This is one hell of a confusing (but good!) story
|Jennifer Marie Brissett in 2014|
You’ll be forgiven if after reading the first chapter of Elysium, you wonder what the hell is going on, and whether you’ve inhaled something a bit kooky. Fear not, fellow traveller, for I had that same feeling.
The reason for all the confusion, is the constant reimagining of characters, though always through the central themes of love and survival. The main characters are Antoine/Antoinette and Adrian/Adrianne, who go through several iterations of different relationships. They’re either lovers, husband and wife or parent and child.
What is obvious though, is that the story is told through the view of an artificial intelligence, as some of the data it stores has been damaged. It’s not quite clear who’s telling the story, until you reach the end, when the characters become less dynamic, prone to change, and more real.
You see, the Earth has been invaded by some sort of alien race, and in the fight against them, humanity has been decimated. The AI is the ultimate message in a bottle, left by us, as a testament to our struggles. Thus, the various iterations of characters, as they fight for each other, in different scenarios, always searching and hoping to understand what was going on.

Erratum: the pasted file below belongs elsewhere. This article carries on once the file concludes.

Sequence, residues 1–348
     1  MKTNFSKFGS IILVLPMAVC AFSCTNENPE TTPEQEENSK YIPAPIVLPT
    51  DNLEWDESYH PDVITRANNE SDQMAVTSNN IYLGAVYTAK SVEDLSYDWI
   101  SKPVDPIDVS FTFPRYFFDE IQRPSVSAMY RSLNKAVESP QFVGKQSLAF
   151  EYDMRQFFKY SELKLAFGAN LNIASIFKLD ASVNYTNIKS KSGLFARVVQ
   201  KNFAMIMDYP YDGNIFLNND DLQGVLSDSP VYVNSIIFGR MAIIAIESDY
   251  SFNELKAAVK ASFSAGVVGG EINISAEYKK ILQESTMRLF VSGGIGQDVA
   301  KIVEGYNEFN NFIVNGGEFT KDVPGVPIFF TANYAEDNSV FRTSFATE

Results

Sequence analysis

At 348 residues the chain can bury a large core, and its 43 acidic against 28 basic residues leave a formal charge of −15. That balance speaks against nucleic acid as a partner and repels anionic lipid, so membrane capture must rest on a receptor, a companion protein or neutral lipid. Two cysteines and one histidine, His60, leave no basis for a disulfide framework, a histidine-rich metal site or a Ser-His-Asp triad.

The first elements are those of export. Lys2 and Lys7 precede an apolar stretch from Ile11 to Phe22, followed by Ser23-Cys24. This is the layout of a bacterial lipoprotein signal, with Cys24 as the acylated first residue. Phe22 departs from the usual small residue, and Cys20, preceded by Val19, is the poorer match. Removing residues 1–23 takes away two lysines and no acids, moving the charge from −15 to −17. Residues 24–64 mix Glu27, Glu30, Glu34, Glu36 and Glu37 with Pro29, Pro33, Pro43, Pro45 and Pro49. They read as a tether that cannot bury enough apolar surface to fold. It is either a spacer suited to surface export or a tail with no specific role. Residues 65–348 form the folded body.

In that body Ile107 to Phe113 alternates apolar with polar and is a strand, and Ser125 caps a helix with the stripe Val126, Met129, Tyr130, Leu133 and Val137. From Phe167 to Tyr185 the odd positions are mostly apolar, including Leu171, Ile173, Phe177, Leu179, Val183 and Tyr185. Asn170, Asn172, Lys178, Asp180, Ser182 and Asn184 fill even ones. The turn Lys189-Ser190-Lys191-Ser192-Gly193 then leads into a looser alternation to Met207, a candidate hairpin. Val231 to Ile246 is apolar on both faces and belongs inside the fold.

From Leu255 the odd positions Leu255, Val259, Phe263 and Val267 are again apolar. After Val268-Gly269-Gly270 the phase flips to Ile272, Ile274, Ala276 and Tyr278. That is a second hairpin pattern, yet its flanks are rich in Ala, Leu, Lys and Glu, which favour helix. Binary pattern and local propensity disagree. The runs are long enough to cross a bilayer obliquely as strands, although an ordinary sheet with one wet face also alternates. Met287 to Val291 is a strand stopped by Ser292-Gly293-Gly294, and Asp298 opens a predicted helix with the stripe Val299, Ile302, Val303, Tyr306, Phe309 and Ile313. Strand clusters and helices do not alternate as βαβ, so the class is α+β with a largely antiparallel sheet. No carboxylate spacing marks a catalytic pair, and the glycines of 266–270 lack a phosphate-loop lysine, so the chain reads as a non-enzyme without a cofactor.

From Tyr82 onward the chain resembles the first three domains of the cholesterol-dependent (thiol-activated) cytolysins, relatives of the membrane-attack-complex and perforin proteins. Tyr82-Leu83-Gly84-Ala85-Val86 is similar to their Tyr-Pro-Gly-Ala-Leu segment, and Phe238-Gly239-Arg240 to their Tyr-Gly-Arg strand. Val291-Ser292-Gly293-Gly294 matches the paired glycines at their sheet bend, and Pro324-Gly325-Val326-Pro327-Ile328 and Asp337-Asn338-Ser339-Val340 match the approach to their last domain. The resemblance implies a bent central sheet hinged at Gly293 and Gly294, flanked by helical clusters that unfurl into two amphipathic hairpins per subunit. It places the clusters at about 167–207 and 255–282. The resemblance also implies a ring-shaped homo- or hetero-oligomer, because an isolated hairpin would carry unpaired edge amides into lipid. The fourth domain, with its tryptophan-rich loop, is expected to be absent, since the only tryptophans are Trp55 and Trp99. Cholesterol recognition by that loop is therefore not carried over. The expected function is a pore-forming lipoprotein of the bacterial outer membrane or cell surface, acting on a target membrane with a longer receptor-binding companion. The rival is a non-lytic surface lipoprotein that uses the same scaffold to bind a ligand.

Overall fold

Elysium is definitely an interesting book, but it is always filled with emotion and poignancy. It twists and turns, leaving you feeling as confused as the AI (which is probably the point), but for some reason, you won’t want to put the book down. It’s strangely engrossing, as you start to pick up on the rhythm of the constantly changing names, genders and situations the book places its story in. This is the author’s first book, and I just hope she keeps going.
An astoundingly good debut novel from Jennifer Marie Brissett
Read this if you…
Liked and understood episodes 25 and 26 of Neon Genesis Evangelion
Don’t read this if you…
Need lots of pew pew in science fiction